Sergio Cortes Explains Zika, Dengue, and Chikungunya
A recent article on R7 Noticias explains that it was recently discovered that in addition to dengue, the Aedes Agypti mosquito is also responsible for the spread of two other viruses: zika and chikungunya. According to experts, the symptoms of all three illnesses are quite similar, namely, high fever, body aches, eye pain, muscle pain, and skin rashes, according to Dr. Sergio Cortes.
As a result of these new viruses caused by the same mosquito, it is important to highlight how to distinguish each illness. The main symptoms of dengue as compared to the other illnesses are body aches and eye pain. Dr. Sergio Cortes adds that in order to tell the zika virus from chikungunya, Nurse Bruno del Guerra, with the Itapetinga Epidemiological Control Unit in Sao Paulo, has identified certain symptoms as being found mainly in each specific illness. The zika virus is associated with itching throughout the body and eye redness, whereas chikungunya causes rather intense joint pain.
Despite the recorded increase in microcephaly among newborns, these data are still being studied. Therefore, the threat posed by the zika viruses is difficult to establish. Dr. Sergio Cortes added Del Guerra’s observation that, on the other hand, that hemorrhaging is a well-known possible symptom of dengue. In addition, Guerra also stressed the importance of seeking medical care when symptoms of these illnesses arise. Dr. Sergio Cortes also added that according to Nurse Del Guerra, studies are underway to determine whether a single person can be afflicted with more than one the viruses simultaneously.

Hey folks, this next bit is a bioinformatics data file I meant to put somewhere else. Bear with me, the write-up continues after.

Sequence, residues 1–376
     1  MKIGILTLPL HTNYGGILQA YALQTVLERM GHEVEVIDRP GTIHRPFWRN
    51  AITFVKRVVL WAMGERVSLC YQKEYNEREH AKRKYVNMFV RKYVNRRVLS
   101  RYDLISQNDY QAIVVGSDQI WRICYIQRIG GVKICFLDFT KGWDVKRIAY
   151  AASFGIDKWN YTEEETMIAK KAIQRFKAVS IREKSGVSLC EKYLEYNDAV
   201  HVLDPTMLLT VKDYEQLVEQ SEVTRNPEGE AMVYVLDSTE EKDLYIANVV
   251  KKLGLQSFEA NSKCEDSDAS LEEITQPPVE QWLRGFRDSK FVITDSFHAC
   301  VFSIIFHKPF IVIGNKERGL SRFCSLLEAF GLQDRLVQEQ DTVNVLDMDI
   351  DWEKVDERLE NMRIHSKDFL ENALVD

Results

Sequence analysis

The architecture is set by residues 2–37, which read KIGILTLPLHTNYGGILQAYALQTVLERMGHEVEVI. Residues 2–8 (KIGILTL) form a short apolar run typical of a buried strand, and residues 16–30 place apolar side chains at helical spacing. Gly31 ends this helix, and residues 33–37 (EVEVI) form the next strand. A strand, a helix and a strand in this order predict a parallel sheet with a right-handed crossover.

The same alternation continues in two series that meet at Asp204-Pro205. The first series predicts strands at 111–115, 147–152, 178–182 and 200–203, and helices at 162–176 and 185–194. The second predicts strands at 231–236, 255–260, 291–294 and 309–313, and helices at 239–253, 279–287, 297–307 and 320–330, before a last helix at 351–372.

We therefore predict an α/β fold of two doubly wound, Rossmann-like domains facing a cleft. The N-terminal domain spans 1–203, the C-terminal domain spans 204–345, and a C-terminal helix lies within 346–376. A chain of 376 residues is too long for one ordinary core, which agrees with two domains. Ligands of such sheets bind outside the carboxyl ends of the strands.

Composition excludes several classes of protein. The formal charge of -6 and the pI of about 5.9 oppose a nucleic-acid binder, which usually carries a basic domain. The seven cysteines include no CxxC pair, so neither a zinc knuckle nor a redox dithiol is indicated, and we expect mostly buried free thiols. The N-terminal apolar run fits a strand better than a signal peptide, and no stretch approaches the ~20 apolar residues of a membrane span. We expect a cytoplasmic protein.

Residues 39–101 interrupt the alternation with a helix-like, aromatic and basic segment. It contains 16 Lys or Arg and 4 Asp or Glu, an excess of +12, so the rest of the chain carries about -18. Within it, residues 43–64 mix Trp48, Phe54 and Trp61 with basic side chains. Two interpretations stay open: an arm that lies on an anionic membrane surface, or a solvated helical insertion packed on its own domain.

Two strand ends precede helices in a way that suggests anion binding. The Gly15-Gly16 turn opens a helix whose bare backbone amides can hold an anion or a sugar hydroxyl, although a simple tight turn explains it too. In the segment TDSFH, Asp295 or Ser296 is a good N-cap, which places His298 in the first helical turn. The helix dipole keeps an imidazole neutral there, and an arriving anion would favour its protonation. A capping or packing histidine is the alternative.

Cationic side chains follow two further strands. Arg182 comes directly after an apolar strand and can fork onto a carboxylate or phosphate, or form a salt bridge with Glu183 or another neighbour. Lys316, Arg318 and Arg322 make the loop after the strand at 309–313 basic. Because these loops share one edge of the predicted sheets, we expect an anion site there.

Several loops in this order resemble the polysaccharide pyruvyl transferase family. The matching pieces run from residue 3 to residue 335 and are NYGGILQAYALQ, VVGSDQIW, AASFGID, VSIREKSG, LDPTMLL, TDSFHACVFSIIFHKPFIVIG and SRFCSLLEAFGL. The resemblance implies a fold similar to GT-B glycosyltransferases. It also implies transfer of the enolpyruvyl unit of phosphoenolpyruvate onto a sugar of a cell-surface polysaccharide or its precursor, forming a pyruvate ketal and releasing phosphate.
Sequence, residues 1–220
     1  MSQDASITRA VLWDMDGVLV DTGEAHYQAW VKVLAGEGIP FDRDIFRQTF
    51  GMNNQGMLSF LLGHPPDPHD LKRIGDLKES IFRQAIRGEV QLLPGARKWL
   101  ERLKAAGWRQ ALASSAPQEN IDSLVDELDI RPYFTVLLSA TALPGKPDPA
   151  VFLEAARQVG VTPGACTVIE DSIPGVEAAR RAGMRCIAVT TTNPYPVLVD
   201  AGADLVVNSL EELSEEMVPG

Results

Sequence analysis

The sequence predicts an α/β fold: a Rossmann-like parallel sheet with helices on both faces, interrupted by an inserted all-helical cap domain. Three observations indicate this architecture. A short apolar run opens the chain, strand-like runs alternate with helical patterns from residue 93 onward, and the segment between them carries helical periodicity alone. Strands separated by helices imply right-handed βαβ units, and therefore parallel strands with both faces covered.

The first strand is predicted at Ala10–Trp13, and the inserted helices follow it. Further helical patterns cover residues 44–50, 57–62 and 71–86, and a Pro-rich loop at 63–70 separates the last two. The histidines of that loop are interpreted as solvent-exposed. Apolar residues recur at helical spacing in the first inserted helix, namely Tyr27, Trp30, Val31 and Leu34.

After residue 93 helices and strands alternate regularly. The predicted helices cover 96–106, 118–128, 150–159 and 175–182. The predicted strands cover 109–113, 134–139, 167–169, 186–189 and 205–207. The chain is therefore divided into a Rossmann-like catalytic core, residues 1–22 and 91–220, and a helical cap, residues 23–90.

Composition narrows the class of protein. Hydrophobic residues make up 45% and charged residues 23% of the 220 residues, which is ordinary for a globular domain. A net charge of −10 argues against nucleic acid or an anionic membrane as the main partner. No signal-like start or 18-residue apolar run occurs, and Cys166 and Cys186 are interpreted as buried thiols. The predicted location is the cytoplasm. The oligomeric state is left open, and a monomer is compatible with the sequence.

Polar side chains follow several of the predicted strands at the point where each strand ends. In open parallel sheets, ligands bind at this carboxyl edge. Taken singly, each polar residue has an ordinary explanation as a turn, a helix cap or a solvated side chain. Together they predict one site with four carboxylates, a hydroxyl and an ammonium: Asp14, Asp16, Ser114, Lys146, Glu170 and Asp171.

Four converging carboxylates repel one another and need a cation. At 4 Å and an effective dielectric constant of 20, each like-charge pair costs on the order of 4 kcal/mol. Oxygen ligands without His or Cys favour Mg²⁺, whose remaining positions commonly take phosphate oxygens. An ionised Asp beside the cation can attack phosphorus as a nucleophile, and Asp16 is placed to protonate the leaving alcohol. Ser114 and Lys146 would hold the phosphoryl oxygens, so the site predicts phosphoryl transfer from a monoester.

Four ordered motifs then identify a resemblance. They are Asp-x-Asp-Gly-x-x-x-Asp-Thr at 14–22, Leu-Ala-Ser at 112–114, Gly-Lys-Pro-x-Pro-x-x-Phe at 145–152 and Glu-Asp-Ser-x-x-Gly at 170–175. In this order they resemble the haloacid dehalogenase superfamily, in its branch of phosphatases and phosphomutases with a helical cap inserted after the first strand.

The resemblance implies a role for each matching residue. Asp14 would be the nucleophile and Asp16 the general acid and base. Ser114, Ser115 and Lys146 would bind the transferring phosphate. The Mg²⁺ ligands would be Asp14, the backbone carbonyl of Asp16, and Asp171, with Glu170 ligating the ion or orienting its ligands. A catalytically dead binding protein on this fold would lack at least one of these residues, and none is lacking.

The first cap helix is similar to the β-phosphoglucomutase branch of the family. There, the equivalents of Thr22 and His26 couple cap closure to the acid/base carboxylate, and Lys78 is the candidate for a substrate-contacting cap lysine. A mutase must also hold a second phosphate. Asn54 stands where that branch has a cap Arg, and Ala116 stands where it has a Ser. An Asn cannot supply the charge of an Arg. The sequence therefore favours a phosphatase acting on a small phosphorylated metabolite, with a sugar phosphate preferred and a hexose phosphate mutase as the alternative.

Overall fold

There is no known antiviral therapy or any other type of treatment to prevent the illness. Sergio Cortes explains that according to Del Guerra, treatments for these illnesses are under investigation. For the time being, oral rehydration therapy is the standard treatment, or if necessary, intravenous rehydration can also be administered at first-aid centers. Rehydration should be followed by at least five days of bed-rest to ensure a full recovery. For five years, the Butantan Institute in Sao Paulo has been working to create an effective cure for these illnesses. Their drug is currently in Phase Two clinical trials, and the Institute is hopeful that the drug will achieve Phase Three status and be approved for large-scale production, according to Sergio Cortes. Researchers are hopeful that ANVISA (the Brazilian Public Health Agency) will give approval to the drug this month for Phase Three trials.
There have been 17 million patients in the clinical trials under the close supervision of the researchers. According to Sergio Cortes, the drug must be at least 80% effective in order to reduce the incidence of the four strains of dengue. As of yet, there is no established timeframe for the completion of clinical trials. According to Anvisa, application for approval is still pending. Until a solution to these problems comes to be, experts say that the best approach is prevention and the elimination of the nesting grounds of the mosquito that carries the viruses.